UNC and N.C. State Scientists Find a Way to Make Off-the-Grid Greenhouses Viable | Triangulator | Indy Week

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UNC and N.C. State Scientists Find a Way to Make Off-the-Grid Greenhouses Viable

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In many ways, greenhouses are not all that green.

Plants require only certain wavelengths of light to grow, which means the sunlight the plants don't use ends up lingering around inside greenhouses and driving up the temperature, which in turn means greenhouse keepers must expend time and energy keeping the temperature down at more ideal levels so the plants can thrive.

Viewed differently, though, this excess heat presents an opportunity for efficiency.

"Plants need the sunlight," says Wei You, an associate professor of chemistry at UNC-Chapel Hill. "But they don't need all of it."

Through a new project called Solar Powered Integrated Greenhouse, or SPRING, You and five other scientists from N.C. State and UNC-Chapel Hill intend to harness these underutilized wavelengths of light via semitransparent solar cells built into the roofs of greenhouses.

Traditional silicon solar panels offer no transparency and don't allow light through in a greenhouse setting. Polymer-based solar panels, though, are like plants, in that they only use certain wavelengths of light. Installing polymer solar panels in a greenhouse could have the win-win effect of simultaneously producing electricity and leaving enough light for flourishing plants.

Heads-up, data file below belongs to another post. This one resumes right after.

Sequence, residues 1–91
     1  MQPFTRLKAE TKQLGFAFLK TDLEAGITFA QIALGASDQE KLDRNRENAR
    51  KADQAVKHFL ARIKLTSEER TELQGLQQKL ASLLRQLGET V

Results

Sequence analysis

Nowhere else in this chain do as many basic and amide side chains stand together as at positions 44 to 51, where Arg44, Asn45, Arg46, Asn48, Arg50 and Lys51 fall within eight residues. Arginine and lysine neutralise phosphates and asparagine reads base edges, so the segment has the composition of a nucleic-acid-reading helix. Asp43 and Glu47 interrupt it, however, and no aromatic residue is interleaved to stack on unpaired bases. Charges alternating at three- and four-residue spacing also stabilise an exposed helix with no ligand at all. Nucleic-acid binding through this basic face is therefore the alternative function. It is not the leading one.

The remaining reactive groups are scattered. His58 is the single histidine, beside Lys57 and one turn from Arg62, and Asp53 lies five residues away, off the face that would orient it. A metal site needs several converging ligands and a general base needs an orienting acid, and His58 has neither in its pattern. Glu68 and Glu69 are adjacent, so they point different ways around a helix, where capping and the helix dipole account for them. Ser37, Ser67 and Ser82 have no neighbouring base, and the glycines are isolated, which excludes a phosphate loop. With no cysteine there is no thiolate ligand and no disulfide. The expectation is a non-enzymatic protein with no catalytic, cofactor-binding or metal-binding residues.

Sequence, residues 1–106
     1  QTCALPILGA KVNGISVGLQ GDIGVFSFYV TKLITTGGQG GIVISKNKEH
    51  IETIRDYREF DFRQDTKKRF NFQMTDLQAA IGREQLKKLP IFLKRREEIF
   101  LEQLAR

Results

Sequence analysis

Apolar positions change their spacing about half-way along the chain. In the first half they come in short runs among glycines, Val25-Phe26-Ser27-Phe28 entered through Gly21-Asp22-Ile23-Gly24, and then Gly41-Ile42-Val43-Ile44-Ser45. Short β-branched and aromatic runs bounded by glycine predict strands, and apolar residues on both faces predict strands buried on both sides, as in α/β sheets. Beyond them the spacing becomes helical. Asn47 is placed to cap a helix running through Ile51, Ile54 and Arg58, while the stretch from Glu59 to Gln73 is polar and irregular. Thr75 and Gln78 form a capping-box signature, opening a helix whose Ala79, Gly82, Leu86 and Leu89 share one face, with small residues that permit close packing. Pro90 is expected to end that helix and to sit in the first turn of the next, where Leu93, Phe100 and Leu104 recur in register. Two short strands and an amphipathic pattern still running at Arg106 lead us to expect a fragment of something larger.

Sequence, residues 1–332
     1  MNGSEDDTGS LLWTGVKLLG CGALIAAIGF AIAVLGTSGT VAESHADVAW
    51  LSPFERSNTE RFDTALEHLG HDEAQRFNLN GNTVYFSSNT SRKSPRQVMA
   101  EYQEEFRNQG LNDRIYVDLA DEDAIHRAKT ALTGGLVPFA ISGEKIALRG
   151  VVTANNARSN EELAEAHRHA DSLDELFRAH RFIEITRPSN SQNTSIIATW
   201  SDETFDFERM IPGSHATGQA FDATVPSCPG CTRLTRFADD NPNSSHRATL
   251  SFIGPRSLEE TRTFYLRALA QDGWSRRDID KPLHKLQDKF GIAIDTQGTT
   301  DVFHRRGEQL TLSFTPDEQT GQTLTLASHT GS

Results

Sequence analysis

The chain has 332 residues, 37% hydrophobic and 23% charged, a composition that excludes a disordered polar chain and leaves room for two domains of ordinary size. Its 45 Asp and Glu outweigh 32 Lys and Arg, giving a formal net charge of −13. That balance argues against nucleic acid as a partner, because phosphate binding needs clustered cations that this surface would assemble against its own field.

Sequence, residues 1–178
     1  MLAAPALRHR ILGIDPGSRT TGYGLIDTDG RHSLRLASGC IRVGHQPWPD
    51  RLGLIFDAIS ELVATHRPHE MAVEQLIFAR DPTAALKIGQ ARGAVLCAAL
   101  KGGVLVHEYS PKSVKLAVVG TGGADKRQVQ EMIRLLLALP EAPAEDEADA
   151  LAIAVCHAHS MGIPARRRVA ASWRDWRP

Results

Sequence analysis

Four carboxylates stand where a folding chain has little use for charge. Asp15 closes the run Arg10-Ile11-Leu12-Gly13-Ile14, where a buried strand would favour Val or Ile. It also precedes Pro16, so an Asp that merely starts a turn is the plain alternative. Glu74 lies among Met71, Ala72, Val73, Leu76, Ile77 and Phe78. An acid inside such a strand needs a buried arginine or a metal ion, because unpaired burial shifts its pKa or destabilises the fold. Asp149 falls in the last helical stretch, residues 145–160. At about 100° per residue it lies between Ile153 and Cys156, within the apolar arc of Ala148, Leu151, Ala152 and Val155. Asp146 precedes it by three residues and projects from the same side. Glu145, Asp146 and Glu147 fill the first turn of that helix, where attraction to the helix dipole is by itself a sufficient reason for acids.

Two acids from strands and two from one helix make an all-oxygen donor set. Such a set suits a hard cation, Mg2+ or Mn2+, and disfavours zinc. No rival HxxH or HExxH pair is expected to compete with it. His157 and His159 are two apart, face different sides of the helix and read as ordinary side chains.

If successful, the idea could change farming and greenhouse production in dramatic ways. Off-the-grid greenhouses could help alleviate farmers' financial burdens and allow greenhouse-aided crop production in new places.

"In countries like the U.S. and in Asia, where things are developed with infrastructure for a greenhouse, the impact may be less," You says. "But in terms of rural areas, the impact will be much more. You could go to [places in] Africa [that] might not have the grid infrastructure for a greenhouse."

After developing the transparent panels, SPRING intends to fine-tune the greenhouses for different climates and vegetables. Different plants require different light, and once the project is out of a demo stage, the focus will be on tailoring.

SPRING is supported by a four-year, $3 million grant from a new National Science Foundation program called Innovations at the Nexus of Food, Energy and Water Systems, which "looks at ways of sustaining food, energy, and water systems, taking into effect that one may affect the other two," says Carol Bessel, deputy division director for the NSF. The grant arrives in January.

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